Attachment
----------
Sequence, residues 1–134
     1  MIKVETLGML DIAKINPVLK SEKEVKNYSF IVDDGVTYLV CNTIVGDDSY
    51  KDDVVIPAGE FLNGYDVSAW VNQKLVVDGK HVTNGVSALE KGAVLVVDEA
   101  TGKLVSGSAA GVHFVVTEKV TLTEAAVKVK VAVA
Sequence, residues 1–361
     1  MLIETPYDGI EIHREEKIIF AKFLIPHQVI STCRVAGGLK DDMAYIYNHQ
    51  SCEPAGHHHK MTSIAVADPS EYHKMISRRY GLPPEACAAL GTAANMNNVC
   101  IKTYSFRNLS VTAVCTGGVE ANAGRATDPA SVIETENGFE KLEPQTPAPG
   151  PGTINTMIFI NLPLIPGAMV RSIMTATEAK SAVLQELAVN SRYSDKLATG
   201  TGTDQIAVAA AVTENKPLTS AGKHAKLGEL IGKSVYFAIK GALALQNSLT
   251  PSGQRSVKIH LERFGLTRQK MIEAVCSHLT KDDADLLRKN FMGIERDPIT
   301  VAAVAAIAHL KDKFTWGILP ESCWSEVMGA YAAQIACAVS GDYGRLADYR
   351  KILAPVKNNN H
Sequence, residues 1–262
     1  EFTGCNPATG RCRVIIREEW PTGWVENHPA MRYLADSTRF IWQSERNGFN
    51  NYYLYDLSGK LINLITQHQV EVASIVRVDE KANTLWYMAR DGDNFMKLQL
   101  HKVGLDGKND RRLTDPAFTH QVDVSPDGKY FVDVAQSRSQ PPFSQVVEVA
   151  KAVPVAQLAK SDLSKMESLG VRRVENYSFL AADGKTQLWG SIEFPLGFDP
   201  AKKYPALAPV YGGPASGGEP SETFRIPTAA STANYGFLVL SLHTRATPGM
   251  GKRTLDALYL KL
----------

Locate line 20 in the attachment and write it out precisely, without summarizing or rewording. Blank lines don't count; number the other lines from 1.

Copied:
   251  GKRTLDALYL KL